In a follow-up to a report in February about the increase of norovirus seen in Taiwan, the Taiwan Centers for Disease Control (Taiwan CDC) invited relevant government agencies, including the Ministry of Education (MOE), the Tourism Bureau and the Food and Drug Administration (TFDA), to convene the “Cross-Ministry Meeting on Viral Gastroenteritis Cluster Response Plan” to prevent further spread of the disease, as well as ensure food safety for the citizens and high-quality travel for both domestic and international visitors on March 17, 2015.
The two main topics for discussion in this meeting included sanitation and hygiene management in the tourism industry and the control and prevention of viral gastroenteritis in campus settings.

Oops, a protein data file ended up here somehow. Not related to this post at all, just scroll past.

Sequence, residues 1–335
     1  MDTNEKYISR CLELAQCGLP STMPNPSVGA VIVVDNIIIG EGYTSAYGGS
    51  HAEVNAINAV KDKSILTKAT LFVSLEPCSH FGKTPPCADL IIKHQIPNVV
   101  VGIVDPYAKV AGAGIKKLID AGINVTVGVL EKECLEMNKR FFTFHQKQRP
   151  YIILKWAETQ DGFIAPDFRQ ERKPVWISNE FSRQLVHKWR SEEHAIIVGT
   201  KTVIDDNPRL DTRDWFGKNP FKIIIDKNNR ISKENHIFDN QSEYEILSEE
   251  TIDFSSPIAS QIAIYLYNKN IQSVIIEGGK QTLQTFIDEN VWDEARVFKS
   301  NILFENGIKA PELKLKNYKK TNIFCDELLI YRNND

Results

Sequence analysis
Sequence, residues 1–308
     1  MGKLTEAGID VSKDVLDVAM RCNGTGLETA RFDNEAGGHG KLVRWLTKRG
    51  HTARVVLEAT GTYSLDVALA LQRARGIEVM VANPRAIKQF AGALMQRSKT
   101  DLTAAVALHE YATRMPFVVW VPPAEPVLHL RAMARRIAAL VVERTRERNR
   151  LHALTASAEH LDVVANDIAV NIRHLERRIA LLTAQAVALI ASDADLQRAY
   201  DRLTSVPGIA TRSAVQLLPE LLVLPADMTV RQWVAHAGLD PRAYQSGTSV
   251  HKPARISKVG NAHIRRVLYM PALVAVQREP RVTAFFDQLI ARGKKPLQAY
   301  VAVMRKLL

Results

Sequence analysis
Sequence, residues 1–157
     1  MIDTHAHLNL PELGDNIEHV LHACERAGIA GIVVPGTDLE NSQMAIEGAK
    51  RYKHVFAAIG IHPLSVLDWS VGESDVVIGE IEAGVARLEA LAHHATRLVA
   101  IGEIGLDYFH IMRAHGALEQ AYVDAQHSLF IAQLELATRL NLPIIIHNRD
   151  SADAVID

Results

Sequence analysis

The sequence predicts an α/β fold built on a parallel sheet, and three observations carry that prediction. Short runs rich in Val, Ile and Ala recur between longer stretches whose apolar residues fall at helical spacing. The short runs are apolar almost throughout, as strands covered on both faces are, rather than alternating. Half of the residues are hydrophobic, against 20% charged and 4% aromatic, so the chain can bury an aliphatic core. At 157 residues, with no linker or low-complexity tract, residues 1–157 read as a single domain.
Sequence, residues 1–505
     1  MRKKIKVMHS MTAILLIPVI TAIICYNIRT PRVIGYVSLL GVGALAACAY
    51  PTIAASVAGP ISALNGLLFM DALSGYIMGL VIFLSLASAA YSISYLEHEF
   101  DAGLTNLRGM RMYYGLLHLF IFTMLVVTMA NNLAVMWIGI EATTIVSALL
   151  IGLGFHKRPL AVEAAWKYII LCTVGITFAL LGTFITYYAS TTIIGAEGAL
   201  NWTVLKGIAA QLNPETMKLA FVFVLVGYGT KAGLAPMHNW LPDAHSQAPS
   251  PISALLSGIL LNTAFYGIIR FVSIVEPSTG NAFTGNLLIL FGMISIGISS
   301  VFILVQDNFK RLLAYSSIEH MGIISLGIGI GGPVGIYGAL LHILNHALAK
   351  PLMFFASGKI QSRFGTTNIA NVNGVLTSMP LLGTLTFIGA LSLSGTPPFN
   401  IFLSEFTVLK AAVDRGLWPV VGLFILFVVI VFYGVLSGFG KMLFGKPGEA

According to the epidemiological investigation, the recently reported 5 diarrhea clusters in Taiwan have been confirmed to be caused by norovirus, which shows that there is still room for improvement in terms of sanitation and hygiene management in hotels and restaurants.
Norovirus is a highly contagious viral illness that often goes by other names, such as viral gastroenteritis, stomach flu, and food poisoning.
The symptoms include nausea, vomiting, diarrhea, and some stomach cramping. Sometimes people additionally have a low-grade fever, chills, headache, muscle aches, and a general sense of tiredness. The illness often begins suddenly, and the infected person may feel very sick. In most people, the illness is self-limiting with symptoms lasting for about 1 or 2 days. In general, children experience more vomiting than adults do.
Norovirus is spread person to person particularly in crowded, closed places. Norovirus is typically spread through contaminated food and water, touching surfaces or objects contaminated with norovirus and then putting your hand or fingers in your mouth and close contact with someone who is vomiting or has diarrhea.